Batman Begins is largely credited with the shift in fortune for men-in-tights movies, Sin City is the match that lit the fuse. Based on a graphic novel by the incomparable Frank Miller (the same author of the Dark Knight saga) Sin City brought a degenerate wickedness to the genre that had never been seen. The gloomy, graphically violent, villainous neo-noir transformed comic book movies into adult-only material. It was a turning point for the industry and Willis was there delivering his Grade-A brand of earnest grit.
5. 'The Sixth Sense' - 1999
When movies touch a nerve and become a cultural phenomenon, they get made fun of forever. Despite
The Sixth Sense landing squarely in this category (especially considering where M. Night Shyamalan's filmography went), it also remains a chilling masterpiece in slow-burn horror. Willis plays his part to perfection, with an eerie absence of lifeforce anathema to his whole persona. It's another of his great magic tricks: A performance that works as a foggy window into the soul by getting out of the way and letting the audience see through him with ever-increasing clarity. The result is a deeply disturbing revelation that we now joke about to avoid dealing with our own mortality. Yippee ki-yay motherfuckers.
4. 'Die Hard' - 1988
What can we say that you don't already know?
Die Hard is a perfect action movie. Great villain, solid premise. But the real magic is in Bruce's star-turn as the husband trying to redeem his good standing with his wife while having to battle a cadre of terrorists in order to do so. In the age of Arnold, Bruce made being a hero feel doable. And that's why we love him.
3. '12 Monkeys' - 1995
Before filming began on this dystopian sci-fi mindwarp, director Terry Gilliam laid some ground rules for Bruce. At the top of his list: No movie star bullshit. Bruce agreed, and the result is a singular performance in the Willis oeuvre. Playing James Cole a worker bee time-traveler sent from the future to pinpoint the exact moment a deadly virus wipes out humanity, Bruce sheds all his streetwise bravado to embody a damaged innocent with no discernible skills. His childlike vision of arrested development slowly gives way to hope in a hopeless world. It's a deluded and heartbreaking performance that splats into the cold concrete reality of the prescient vision Gilliam so carefully laid out. And some might say, a foreshadowing of the growing pains in store for all of civilization.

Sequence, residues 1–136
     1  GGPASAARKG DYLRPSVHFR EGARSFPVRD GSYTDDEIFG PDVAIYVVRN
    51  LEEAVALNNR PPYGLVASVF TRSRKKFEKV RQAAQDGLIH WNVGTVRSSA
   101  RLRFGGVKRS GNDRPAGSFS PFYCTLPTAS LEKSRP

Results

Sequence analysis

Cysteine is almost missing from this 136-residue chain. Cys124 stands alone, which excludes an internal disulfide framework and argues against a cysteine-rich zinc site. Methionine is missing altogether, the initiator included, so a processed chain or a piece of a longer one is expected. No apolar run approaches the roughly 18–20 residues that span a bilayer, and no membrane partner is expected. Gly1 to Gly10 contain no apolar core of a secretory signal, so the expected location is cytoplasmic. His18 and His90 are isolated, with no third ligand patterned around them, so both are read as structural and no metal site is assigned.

2. 'Pulp Fiction' - 1994
Pulp Fiction is one of the greatest movies of all time. But it wouldn't be without Bruce Willis. Playing a rinsed-out boxer paid to throw his last fight, Willis brings a quiet nobility and underdog spirit that lends the film heart. Without him, Pulp Fiction is just a bunch of heartless (albeit enthralling) people dancing around epiphanies that never come; a McGuffin with glorious banter. Luckily, Bruce is at the height of his powers and the depths of his innate magnetism as the deeply flawed everyman who does the right thing when the chips are down. And that little extra boost from Bruce pushes the film over the line into the realm of masterpiece.
1. 'Armageddon' - 1998
Armageddon isn't on this list for being a good movie. While it does have the honor of being one of two Michael Bay films included in the Criterion Collection, it's mostly an overblown pile of dogshit. Which makes Bruce Willis' performance even more startling. Who would have ever thought a soulless summer popcorn flick could showcase the full range of Willis? And yet somehow his climactic bait-and-switch is the best part of the entire slog. The way he swaps the end of the world with the end of his world as the climax of a $140 million tentpole and sells it without losing any magnitude is a masterful sleight of hand. This is the scene we'll replay in our heads every time we think about the man retiring from acting. We are Liv Tyler in Armageddon. Farewell, Bruce.